Dear tech leaders, 

We, representatives of Russia’s liberal independent media and the international NGO Reporters Without Borders (RSF), are writing to bring to your attention the alarming possibility of the total shutdown of Russian free online information space very soon, and to invite you to establish a channel with us to build solutions to prevent Russia from disconnecting from the rest of the world.

The Russian authorities are preparing for Vladimir Putin’s re-election in 2024. As campaign season approaches, the authorities will become increasingly intolerant of any discourse that contradicts the Kremlin’s official narrative. We have strong suspicions that YouTube and Telegram could be totally blocked in Russia as soon as this autumn, making more than 140 million people hostages of the state’s propaganda apparatus. 

This will be the final step of a process that began a long time ago and has only accelerated with the Russian invasion of Ukraine. Since February 2022, most major online platforms have been banned from the Russian Internet. The independent press has also been outlawed, and most independent journalists have been forced into exile.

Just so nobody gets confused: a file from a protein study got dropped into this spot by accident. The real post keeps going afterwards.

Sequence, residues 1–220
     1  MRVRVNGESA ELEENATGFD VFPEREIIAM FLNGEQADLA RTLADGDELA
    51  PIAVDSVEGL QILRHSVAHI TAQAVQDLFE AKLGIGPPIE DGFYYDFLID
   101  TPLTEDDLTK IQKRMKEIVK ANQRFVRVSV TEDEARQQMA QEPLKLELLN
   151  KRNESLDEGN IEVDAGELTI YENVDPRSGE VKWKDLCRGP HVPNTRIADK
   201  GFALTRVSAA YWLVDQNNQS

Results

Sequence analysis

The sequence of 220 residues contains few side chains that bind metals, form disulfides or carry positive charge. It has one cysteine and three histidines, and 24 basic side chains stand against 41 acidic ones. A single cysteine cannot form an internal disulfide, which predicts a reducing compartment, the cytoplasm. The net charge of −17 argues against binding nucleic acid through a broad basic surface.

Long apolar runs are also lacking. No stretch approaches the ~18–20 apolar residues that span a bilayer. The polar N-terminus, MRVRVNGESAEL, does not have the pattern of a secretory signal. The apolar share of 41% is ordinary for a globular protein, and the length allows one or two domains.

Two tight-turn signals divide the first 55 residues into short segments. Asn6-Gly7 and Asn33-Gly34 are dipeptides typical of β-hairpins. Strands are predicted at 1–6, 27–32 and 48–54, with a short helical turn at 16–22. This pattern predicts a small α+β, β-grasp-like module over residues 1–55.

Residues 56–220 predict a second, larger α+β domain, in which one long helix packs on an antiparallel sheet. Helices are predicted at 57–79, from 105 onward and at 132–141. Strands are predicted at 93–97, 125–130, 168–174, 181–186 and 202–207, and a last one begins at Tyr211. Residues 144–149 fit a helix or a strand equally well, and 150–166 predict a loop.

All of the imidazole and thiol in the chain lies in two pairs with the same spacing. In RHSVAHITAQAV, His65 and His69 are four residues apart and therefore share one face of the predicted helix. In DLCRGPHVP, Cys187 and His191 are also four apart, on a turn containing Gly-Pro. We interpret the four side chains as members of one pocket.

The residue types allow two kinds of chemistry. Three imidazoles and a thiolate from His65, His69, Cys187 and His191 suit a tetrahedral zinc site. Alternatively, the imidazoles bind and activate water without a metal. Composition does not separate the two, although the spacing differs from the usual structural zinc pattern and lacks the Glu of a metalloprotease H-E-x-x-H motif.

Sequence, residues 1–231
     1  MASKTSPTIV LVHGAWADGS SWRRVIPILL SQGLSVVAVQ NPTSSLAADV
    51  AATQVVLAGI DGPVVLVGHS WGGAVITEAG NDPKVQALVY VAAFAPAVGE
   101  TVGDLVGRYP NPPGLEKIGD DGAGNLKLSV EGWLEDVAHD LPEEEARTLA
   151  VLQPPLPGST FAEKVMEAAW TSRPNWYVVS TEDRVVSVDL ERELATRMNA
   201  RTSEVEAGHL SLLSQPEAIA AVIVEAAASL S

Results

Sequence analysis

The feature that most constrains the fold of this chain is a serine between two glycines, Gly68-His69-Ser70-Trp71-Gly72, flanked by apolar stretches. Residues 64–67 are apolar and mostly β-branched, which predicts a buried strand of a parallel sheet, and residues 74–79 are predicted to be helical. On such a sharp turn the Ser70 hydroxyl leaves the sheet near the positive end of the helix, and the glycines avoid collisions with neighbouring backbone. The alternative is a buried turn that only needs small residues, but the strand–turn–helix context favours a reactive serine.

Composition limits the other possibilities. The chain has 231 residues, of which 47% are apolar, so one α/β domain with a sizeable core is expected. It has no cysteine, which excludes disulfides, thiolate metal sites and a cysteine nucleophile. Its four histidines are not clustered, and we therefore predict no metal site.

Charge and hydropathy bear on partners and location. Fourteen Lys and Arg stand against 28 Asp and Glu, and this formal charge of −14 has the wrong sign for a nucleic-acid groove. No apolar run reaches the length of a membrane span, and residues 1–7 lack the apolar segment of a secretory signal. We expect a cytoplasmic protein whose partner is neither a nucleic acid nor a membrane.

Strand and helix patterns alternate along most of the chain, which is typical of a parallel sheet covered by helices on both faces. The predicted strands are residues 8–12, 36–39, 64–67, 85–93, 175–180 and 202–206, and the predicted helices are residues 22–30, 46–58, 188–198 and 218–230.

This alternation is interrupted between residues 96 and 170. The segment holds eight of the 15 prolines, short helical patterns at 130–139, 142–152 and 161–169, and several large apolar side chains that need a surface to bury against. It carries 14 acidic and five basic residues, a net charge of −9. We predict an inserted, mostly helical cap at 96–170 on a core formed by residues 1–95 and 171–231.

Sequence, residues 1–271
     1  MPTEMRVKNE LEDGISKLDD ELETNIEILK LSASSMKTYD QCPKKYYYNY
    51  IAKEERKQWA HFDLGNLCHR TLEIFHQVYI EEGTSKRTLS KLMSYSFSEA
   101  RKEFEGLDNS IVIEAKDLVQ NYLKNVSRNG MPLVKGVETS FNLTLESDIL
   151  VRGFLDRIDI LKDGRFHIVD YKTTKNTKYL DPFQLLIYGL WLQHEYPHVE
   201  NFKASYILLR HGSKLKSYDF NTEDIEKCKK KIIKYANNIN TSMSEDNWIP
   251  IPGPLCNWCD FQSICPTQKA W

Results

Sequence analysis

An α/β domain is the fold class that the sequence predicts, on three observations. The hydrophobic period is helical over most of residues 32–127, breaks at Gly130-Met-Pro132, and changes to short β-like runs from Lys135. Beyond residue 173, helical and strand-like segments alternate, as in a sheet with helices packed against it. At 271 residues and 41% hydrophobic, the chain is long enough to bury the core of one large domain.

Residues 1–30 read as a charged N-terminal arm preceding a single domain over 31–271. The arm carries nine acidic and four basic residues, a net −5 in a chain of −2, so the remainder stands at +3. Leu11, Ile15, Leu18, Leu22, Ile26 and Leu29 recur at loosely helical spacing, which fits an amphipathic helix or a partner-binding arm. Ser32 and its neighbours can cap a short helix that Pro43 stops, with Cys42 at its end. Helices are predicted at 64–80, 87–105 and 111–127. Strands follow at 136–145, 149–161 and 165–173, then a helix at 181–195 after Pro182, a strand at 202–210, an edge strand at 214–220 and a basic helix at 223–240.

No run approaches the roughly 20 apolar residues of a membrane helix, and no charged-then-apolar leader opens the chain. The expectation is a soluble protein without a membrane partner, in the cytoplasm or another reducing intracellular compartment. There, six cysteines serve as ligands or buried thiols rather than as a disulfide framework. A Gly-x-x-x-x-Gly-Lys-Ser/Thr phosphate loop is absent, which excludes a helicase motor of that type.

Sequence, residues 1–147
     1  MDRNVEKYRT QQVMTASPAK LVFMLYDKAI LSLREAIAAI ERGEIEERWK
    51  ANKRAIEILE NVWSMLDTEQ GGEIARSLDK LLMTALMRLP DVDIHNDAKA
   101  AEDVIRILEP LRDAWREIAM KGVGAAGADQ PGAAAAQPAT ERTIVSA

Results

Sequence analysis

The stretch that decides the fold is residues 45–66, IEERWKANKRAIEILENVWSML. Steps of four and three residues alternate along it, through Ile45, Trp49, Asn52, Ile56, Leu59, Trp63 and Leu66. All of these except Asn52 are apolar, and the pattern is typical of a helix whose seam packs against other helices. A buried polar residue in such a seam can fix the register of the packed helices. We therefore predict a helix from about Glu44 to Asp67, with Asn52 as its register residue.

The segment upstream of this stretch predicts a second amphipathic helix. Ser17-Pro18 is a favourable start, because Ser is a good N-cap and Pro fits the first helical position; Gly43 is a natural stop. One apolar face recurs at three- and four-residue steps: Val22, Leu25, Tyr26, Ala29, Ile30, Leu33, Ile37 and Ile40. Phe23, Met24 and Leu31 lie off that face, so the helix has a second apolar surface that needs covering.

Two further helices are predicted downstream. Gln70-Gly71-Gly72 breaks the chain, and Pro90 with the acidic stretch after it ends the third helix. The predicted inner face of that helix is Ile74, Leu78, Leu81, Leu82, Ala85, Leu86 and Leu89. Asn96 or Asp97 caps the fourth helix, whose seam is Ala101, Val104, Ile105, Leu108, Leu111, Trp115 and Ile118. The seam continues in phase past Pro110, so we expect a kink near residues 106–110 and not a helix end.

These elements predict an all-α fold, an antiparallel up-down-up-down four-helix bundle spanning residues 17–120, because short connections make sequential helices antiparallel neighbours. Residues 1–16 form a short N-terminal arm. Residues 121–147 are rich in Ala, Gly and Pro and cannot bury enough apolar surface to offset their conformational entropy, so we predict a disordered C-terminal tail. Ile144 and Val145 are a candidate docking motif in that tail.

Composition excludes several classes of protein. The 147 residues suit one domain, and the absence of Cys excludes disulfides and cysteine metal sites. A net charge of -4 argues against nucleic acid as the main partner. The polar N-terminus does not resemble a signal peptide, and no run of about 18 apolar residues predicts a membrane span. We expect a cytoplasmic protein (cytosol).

Only two major platforms have partially survived this purge. Telegram and YouTube are the only spaces left where Russian journalists can try to inform their fellow citizens about the reality of the war Vladimir Putin is waging in their name.

We do not want to live in a new Cold War era. There is an urgent need to reconnect Russian citizens with pluralistic information, as well as with the rest of the world. This is the Internet’s most important function, and the major services you are in charge of have become the main actors of this mission. Social networks, search engines, and application catalogs are the gateways to an open informational world. It is essential to reinstate them; otherwise, Russian citizens will find themselves locked in the dark alone with their president.